“There’s nothing else that can hold us back at this point,” wildlife planner Randy Rogers with the Alaska Department of Fish and Game in Fairbanks said this week.

The ADF&G announced a target release date of spring 2012, but that hinges on the federal government creating a special rule that will designate wood bison in Alaska as a “nonessential experimental population” under section 10j of the Endangered Species Act.

“I’m optimistic,” the state’s endangered species coordinator, Doug Vincent-Lang, said on Friday. “That’s not to say there won’t be surprise here and there but I’m confident once we get the nonessential population rule put in place and get the allowed take we would like to have associated with that rule put in place that we will be able to go ahead with the release.”

The state has been holding wood bison it imported from Canada in captivity for more than two years in anticipation of restoring the animals to Alaska, where it’s believed they roamed hundreds of years ago. The state has a herd of 89 wood bison at the Alaska Wildlife Conservation Center in Girdwood south of Anchorage.

“We cannot maintain this captive herd of bison indefinitely,” Rogers said.

It’s costing the state about $100,000 per year to house, feed and care for the bison, the state’s wood bison biologist, Bob Stephenson at ADF&G in Fairbanks, said.

Waiting on feds

The animals have been tested for diseases such as tuberculosis and brucellosis three times and have been given a clean bill of health by state veterinarians, Rogers said. All that remains is coming up with a management plan that addresses the future harvest of wood bison in Alaska and the regulations to deal with the Endangered Species Act.

Officials with the Fish and Wildlife Service say they are still reviewing the special rule that would designate wood bison as a nonessential population and pave the way for their release in Alaska.

“The law says you have to have a rule in place before you can release these animals,” Stephenson said.

Once the regional office in Alaska comes up with a draft rule, it must be sent to the national office in Washington, D.C. for final approval before it is published in the Federal Register, said Steve Klosiewski, deputy regional manager for the USFWS in Anchorage.

“It’s easy for us to do our work here, but the Washington office has all these various Endangered Species Act rules they have to deal with,” Klosiewski said.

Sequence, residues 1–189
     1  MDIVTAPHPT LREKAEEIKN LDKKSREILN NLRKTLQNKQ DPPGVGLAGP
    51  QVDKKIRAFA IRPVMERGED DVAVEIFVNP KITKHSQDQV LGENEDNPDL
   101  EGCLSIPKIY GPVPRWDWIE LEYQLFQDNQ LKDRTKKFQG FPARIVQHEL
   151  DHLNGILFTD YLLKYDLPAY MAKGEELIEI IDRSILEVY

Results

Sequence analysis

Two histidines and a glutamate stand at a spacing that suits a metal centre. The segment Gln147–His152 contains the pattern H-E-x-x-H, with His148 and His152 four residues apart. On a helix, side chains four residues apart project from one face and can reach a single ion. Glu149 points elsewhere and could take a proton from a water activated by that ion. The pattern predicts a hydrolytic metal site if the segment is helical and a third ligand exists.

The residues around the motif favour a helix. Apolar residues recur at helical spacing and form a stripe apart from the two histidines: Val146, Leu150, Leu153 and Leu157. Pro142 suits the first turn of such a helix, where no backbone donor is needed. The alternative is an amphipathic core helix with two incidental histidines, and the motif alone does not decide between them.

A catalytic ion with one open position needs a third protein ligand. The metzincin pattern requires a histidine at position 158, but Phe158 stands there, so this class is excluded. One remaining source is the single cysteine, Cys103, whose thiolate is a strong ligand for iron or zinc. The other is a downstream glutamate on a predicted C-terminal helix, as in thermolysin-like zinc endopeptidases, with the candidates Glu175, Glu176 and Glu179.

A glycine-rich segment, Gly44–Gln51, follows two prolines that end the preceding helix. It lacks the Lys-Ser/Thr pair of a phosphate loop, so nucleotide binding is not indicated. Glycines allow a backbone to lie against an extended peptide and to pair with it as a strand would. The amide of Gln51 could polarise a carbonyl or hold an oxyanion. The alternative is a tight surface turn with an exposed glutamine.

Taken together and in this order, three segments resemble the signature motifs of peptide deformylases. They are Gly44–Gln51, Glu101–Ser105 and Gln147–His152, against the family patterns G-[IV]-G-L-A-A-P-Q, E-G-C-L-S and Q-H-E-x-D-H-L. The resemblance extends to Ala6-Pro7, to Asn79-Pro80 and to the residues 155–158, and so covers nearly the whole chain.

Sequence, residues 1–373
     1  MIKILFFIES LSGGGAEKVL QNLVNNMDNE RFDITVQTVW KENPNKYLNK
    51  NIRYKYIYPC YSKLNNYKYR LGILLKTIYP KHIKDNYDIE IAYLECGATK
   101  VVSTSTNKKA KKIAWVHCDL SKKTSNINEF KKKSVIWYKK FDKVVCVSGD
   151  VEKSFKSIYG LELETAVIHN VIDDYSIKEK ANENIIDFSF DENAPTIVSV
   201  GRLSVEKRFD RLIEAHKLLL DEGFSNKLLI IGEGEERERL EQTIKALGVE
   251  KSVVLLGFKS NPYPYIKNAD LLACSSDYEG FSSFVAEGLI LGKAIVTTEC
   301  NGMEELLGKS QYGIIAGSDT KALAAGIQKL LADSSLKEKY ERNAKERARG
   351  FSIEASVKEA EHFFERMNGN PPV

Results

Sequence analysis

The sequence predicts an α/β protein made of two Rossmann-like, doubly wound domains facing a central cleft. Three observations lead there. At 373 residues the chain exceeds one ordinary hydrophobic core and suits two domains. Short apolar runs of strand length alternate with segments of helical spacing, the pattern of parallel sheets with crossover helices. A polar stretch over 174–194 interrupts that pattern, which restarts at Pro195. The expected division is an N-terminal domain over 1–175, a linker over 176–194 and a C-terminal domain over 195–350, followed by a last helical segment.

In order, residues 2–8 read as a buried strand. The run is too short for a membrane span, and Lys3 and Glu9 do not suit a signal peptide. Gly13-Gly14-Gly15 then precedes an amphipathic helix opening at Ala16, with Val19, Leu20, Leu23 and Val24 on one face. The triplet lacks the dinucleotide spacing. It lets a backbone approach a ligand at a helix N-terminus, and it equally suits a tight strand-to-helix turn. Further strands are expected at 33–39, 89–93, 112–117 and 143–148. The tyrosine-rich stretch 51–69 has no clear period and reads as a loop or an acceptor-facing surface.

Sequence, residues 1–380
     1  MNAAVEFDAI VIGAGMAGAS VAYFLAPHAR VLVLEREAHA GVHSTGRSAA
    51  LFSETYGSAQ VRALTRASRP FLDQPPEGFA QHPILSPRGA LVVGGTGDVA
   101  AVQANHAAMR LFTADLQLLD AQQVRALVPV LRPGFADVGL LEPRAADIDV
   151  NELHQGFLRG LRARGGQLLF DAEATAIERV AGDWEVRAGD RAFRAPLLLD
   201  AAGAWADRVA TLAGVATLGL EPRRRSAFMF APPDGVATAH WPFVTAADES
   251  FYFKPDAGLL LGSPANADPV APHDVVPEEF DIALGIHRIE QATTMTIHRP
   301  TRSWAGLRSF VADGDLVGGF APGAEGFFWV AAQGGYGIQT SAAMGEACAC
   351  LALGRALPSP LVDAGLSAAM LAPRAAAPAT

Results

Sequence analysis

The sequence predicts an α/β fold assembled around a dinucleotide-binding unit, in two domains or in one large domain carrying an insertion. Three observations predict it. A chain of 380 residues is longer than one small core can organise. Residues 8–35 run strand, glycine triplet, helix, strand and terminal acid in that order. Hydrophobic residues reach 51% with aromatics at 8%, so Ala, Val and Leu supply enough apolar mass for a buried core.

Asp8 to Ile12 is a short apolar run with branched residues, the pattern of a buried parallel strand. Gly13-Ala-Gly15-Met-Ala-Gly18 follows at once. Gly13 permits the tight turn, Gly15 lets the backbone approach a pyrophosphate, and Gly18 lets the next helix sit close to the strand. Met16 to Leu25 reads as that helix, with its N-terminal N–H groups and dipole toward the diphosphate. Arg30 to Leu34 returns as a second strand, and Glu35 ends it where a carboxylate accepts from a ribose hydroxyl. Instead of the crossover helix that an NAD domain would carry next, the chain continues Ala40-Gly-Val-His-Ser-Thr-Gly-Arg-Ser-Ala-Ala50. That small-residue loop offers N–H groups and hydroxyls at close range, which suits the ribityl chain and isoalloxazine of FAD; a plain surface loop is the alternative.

Once the proposed rule is written, it must be published in the Federal Register for a 60-day public comment period, after which it could be amended before it is finalized.

“Assuming the endangered species regulations come out the way we proposed them, we should be OK to do the release in the Innoko,” Rogers said. “It’s not 100 percent guaranteed by any means. There’s still a lot of things that have to fall in place.”

The state has met several times with the U.S. Fish and Wildlife Service officials in Alaska and Vincent-Lang said the two agencies “fundamentally came into agreement on what the (10j) rule should look like.”

The Fish and Wildlife Service has told the state it hopes to have the final rule in place by the end of July.

“We’re working with the state to help them meet their timeline,” Klosiewski said.

Release plans

The department recently received a $152,350 grant from the Wildlife Conservation Society for the restoration effort. The department will use the money to help develop a cooperative management plan, set up a temporary corral and move hay and supplies to the release site, and transport bison to the site.

The state settled on the lower Innoko River area, which is about 400 miles southwest of Fairbanks, after efforts to release the animals in the Yukon Flats and Minto Flats were met with resistance from the U.S. Fish and Wildlife Service (Yukon Flats) and Fairbanks Native corporation Doyon Ltd. (Minto Flats).

“That’s the way things lined up politically,” Rogers said of why the lower Innoko River was chosen as a release site.

The department’s plan calls for releasing a minimum of 40 bison. More animals could be released depending on what the prospects are for releasing animals in the Yukon Flats and Minto Flats by then, Rogers said.

“If we think we can release bison in the other sites in a two- to four-year time frame we will hold some back,” he said. “If we’re uncertain whether we’re going to be able to proceed in the other areas, we’re going to have to take more out to the Innoko so we don’t end up with crowding at the AWCC.”

While the wood bison habitat in the Yukon Flats and Minto Flats is considered better than the lower Innoko River, there is ample habitat to support a herd of at least 400 animals, according to department studies.